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Reproductive Behavior and Maternal Investment of Australian Sea Lions


The breeding cycle, breeding behavior, female attendance cycles and pup growth of Australian sea lions were studied at Kangaroo Island, South Australia, during December to May, 1986-87, April to October,1988, and November to March 1989-90. Animals were identified using paint, dye and bleach marks during each breeding season and with tags and natural scars between seasons.

Females exhibited a synchronized, non-seasonal breeding cycle that is unique for pinnipeds. Data from 191 births gave 527 and 532 day intervals between the median pupping dates of the three breeding seasons. Sixteen females had a mean pupping interval of 540 ± 12.0 days (17.7 ± 0.4 months). Comparison to the timing of the breeding seasons during a previous study show a seasonal shift of 3-4 months during a 12 year period.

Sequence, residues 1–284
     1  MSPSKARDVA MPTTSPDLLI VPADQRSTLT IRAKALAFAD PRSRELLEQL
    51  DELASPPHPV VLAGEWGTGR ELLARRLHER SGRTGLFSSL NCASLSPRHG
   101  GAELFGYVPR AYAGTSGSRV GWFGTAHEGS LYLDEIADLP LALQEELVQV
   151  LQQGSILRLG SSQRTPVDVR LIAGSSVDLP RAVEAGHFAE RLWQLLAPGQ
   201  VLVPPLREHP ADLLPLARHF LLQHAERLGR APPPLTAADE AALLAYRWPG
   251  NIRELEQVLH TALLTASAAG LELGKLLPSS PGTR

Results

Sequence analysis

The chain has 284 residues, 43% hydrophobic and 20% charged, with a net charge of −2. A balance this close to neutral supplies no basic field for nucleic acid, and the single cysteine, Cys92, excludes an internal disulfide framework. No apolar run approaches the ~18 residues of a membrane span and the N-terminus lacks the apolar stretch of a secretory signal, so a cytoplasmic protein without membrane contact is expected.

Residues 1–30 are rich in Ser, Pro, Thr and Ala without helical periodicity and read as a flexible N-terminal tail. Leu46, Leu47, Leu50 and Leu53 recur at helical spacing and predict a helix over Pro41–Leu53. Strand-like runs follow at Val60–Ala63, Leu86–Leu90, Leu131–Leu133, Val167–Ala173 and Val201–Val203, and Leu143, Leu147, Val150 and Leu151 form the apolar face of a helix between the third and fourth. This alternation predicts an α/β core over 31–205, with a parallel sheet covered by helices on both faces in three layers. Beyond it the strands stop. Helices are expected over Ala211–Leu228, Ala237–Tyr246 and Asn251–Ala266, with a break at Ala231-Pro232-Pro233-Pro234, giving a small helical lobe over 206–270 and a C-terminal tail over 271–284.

Breeding females were non-gregarious and parturition sites were spread out in the study area. As a consequence, male territories were plastic in space and time. Tenure on territories ranged from almost continuous occupation to less than one day a week depending on whether females were present. Differential reproductive success of males was low. Males usually attended one female at a time and thus practiced serial polygyny to achieve more than one copulation. Attacks on pups by adult territorial males accounted for 19% of pup mortality during two breeding seasons.

Females suckled their pups for 15-18 months until the birth of the next pup, although 23% did not give birth consecutively each breeding season, and continued to suckle their yearlings for up to 23 months. Female attendance cycles consisted of feeding trips of about two days in length and stays ashore of about 1.5 days, and did nat change over time. Feeding trips were significantly shorter during the winter months of June and July and may reflect a day length affect. Pup age or sex seemed to have no influence on attendance cycles. Male pups were significantly heavier than female pups and grew faster in 1988, but not in 1986-87. Growth rate data of older pups indicate that there was a reduction in the rate of growth at about one year of age but this was not always related to time of weaning.

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